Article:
Let us take an example to be more clear.

Example:

Let us consider the same unsorted array ARR, of length 7

Now we iterate through the array and find the smallest index with the value between 

1 and 7. Index 3 contains 1; thus 3 +4 is the smallest missing number in the given array.

Implementation:

// C++ Program to find the smallest missing positive number from an unsorted array.
// Using mapping in the same array.
#include <bits/stdc++.h>
using namespace std;

// Function to return the smallest number.
int findSmallest(vector<int> &arr, int n)
{
    bool flag = false;

    // Searching for 1 in the array.
    for (int i = 0; i < n; i++)
    {
        if (arr[i] == 1)
        {
            flag = true;
            break;
        }
    }

    // If 1 is not found, it is the smallest missing number.
    if (flag == false)
        return 1;

    // If a number is less than 0, or greater than 1, it is converted into 1.
    for (int i = 0; i < n; i++)
    {
        if (arr[i] <= 0 || arr[i] > n)
            arr[i] = 1;
    }

    // The indexes are updated according to the values.
    for (int i = 0; i < n; i++)
    {
        arr[(arr[i] - 1) % n] += n;
    }

    // Searching for the index which has a value less than n.
    for (int i = 0; i < n; i++)
    {
        if (arr[i] <= n)
            return i + 1;
    }

    // In case values of all indexes are greater than n.
    return n + 1;
}
int main()
{
    vector<int> arr;
    int n, i, a;

    // Taking user input.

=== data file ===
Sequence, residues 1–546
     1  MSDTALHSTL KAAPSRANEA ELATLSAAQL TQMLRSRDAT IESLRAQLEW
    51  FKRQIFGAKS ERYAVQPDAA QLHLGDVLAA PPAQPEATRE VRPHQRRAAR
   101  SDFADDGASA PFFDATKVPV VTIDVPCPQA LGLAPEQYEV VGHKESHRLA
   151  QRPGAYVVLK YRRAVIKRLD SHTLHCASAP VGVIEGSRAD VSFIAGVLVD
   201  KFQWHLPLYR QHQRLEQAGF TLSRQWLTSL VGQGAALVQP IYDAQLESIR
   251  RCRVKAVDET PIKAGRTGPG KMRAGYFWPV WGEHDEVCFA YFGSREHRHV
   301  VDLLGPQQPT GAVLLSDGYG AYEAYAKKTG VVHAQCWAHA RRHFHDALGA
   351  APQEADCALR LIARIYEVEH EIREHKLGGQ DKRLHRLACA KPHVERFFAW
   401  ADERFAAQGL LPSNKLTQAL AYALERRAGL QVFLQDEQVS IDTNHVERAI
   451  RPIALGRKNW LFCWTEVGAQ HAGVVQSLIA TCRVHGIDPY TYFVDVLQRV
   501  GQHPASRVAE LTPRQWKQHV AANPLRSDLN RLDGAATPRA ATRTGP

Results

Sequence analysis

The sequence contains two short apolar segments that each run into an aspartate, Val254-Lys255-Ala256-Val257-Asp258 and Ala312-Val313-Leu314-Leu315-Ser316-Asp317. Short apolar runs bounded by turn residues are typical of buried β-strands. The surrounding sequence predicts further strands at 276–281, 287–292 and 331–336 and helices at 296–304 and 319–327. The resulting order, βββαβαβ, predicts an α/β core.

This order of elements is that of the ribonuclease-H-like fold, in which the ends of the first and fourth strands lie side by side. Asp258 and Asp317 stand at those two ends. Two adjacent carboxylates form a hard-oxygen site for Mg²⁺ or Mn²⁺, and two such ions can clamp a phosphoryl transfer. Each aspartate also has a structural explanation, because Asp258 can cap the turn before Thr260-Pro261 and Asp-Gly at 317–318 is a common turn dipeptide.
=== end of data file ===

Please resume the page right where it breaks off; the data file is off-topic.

cout << "Enter the number of elements\n";
    cin >> n;
    cout << "Enter the elements\n";
    for (i = 0; i < n; i++)
    {
        cin >> a;
        arr.push_back(a);
    }

    // Calling the function.
    cout << "The smallest missing positive integer is " << findSmallest(arr, n);
    return 0;
}

Input:

Enter the number of elements:

7

Enter the elements:

-1

5

0

1

7

3

2

Output:

The smallest missing positive integer is 4. 

Time Complexity

Since, in this approach we traverse the array linearly every time, to search for the missing number, the time complexity is given by O(N).

Space Complexity

Since no extra space is used, the space complexity is constant, i.e., O(1).

Key Takeaways

So, this blog discussed the different approaches to find the smallest missing positive integer in an unsorted array along with the time and space complexity of each technique.

To learn more, head over right now to CodeStudio to practice problems on arrays and crack your interviews like a Ninja!

In case of any comments or suggestions, feel free to post them in the comments section.

By Ishita Chawla

Was this article helpful ?
0 upvotes